Our day trip to the Museum of London Docklands

During August, Museum of London Docklands had put on a range of free events for the whole family. These included workshops like jewellery making and creating artwork as well as story-telling days and interactive workshops about the history of London’s tunnels.

The Tunnel: Archaeology of Crossrail exhibition displayed objects that were recovered from the construction dig including as human remains that were found in Liverpool Street, Victorian chamber pots that were found near Stepney Green, and Crosse and Blackwell jars that were found near Tottenham Court road.

Alongside the Tunnel exhibition, an interactive workshop called Time Tunnellers. We were invited to attend the blogger’s launch of the over 5’s workshop but missed it due to bad weather and traffic. We still made it to the museum, just not to the event so we explored the museum instead. We had a look at the permanent collections at the museum. LO was really fascinated with the cutlass display and the whale tooth carving in the city and river gallery.

Time Tunnellers workshop

On LO’s birthday, we returned back to the Docklands museum and booked in for the free Time Tunnellers workshop. LO started off being really scared of taking part in the event so we had to take it all a bit slowly. As he warmed up to the workshop and saw the other children taking part, he started to become a little more at ease with the activity and got stuck in. I think he ended up really liking the workshop. Below is a slideshow of photos from the workshop. I found it really fascinating and the staff were really interactive and got the children and adults all participating at one point. 🙂 Some of the artefacts on display at the workshop were real findings from the actual Crossrail excavation such as the glazed ceramic pieces.

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The Greenwich Mummy Blog | Museum of London Docklands Time Tunnellers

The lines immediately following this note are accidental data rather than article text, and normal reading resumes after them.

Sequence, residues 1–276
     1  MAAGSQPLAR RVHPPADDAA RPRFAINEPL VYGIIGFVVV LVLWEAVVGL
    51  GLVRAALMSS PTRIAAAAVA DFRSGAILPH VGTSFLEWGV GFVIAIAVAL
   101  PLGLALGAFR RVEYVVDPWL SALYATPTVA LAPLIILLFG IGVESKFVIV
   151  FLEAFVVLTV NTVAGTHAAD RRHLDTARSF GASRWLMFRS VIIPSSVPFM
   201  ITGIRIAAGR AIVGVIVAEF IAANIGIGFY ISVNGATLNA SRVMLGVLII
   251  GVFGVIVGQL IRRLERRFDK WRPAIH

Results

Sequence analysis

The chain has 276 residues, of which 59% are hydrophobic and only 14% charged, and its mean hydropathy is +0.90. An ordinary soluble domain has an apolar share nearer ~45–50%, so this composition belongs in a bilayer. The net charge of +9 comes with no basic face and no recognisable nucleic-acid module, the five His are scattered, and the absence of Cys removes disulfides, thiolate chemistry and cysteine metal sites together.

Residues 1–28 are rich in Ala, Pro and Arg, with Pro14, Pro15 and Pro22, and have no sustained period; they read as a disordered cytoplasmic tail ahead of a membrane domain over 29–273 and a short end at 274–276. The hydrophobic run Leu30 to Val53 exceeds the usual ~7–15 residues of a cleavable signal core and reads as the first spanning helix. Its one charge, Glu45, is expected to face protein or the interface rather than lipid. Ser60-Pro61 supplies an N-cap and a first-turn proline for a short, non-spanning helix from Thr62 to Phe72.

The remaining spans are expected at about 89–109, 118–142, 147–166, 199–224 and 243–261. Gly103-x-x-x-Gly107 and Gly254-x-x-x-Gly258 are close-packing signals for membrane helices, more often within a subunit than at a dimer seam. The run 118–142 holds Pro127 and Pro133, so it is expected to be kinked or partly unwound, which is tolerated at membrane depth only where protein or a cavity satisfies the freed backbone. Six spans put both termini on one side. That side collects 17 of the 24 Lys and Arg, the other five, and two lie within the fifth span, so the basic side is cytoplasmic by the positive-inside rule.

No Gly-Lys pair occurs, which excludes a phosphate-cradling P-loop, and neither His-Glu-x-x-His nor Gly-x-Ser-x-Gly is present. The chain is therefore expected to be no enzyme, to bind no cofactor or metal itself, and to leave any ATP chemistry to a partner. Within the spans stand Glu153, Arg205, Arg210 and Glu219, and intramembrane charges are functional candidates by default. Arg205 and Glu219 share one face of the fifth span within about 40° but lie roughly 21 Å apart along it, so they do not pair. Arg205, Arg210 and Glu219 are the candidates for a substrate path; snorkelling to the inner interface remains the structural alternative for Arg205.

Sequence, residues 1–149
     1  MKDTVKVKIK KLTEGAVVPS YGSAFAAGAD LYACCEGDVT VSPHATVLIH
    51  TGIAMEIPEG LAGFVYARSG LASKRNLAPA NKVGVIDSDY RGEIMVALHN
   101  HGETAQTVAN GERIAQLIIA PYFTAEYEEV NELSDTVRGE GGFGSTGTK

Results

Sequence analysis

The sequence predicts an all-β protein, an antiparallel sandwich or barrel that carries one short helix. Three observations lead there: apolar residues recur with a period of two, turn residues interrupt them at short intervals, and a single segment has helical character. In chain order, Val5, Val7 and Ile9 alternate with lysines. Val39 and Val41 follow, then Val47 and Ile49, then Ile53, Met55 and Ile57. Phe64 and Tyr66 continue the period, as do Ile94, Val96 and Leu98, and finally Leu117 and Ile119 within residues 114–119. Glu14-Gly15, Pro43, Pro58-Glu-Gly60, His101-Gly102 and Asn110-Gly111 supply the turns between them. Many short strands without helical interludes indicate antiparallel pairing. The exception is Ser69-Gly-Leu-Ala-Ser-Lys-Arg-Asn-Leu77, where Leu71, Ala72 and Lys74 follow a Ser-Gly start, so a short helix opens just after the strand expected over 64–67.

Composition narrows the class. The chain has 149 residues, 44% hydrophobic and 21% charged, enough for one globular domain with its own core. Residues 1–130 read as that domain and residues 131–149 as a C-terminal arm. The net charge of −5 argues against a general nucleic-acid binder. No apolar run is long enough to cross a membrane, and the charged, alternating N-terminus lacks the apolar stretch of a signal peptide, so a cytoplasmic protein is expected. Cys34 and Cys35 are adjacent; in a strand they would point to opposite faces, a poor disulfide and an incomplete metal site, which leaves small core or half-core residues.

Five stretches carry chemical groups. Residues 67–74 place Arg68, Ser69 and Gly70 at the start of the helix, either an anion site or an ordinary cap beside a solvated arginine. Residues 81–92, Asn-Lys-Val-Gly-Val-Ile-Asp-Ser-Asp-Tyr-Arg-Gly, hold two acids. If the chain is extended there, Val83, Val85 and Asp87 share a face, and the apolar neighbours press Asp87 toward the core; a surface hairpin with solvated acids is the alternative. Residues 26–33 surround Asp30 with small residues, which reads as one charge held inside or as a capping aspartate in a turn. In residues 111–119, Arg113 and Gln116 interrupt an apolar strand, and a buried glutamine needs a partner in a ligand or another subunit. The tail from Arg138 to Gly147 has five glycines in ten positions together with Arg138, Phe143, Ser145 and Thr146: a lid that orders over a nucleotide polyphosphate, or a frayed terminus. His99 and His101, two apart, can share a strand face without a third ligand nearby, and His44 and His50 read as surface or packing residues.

Time Tunnellers workshop for the over 5’s

After the workshop, we spent a little more time exploring the museum again. We checked out the Children Mudlarks gallery which is a free play area at the museum (needs to be pre-booked online or at the museum) but didn’t stay long enough as it was time for me to go to work… the joys of part-time work and parenting!

The Greenwich Mummy Blog | Museum of London Docklands
home time!

There’s always lots going on at this museum and I think people tend to forget about it compared to the bigger museums like the National Maritime Museum in Greenwich and Museum of London in Barbican. If you’re nearby the docklands, head over to this museum for a bit of history – the kids will definitely love it and I’m sure grown-ups will too!

For upcoming free events in September, visit the Museum of Docklands website.


NB. This is a collaborative post.

Review: Our visit to Santa’s Grotto at the Museum of London Docklands

The Greenwich Mummy Review: Museum of London Docklands
Image: Courtesy of Museum of London Docklands

Christmas is now approaching thick and fast – can you believe there’s under two weeks left already?… Where has this year gone?!

Every year I try to make it my mission to take LO to see Santa – and as this is Baby Girl’s first Crimbo we couldn’t miss out on a Santa’s Grotto visit. We were invited by the Museum of London Docklands to come and visit their Victorian Santa’s grotto. The museum is located at West India Quay, a tiny walk from Canary Wharf making it a central location for those living or working in the city. Also unlike other Santa’s Grottos which are in shopping centres, this one is in a museum (you basically have two wicked visits rolled into one!).

We went along last Sunday. It seems like Sundays are the busiest days at the museum so if you would love to avoid the hustle and bustle I’d recommend going on a weekday or even Saturday (which seemed less busy). We actually arrived late to our Santa appointment but the team were so accommodating and we were still allowed to enter.

We decided to head straight to the Grotto as we were late and checked out the museum after the Santa visit. The Grotto is located on the second floor and was quite easy to find – you just follow the Santa footprints on the floor until you reached the entrance to the special place. There was a little buggy park so you can leave your pram but it is at the owner’s risk. I had no valuable items in mine so I left mine there – I did not want to be lugging my Urbo around even though it is a small pram. When we passed the lovely decorative old Victorian town we reached the queue to see Santa. There was a lovely little crafts table to keep the kids occupied whilst the adults stood in line for the children to see Santa. Continue reading “Review: Our visit to Santa’s Grotto at the Museum of London Docklands”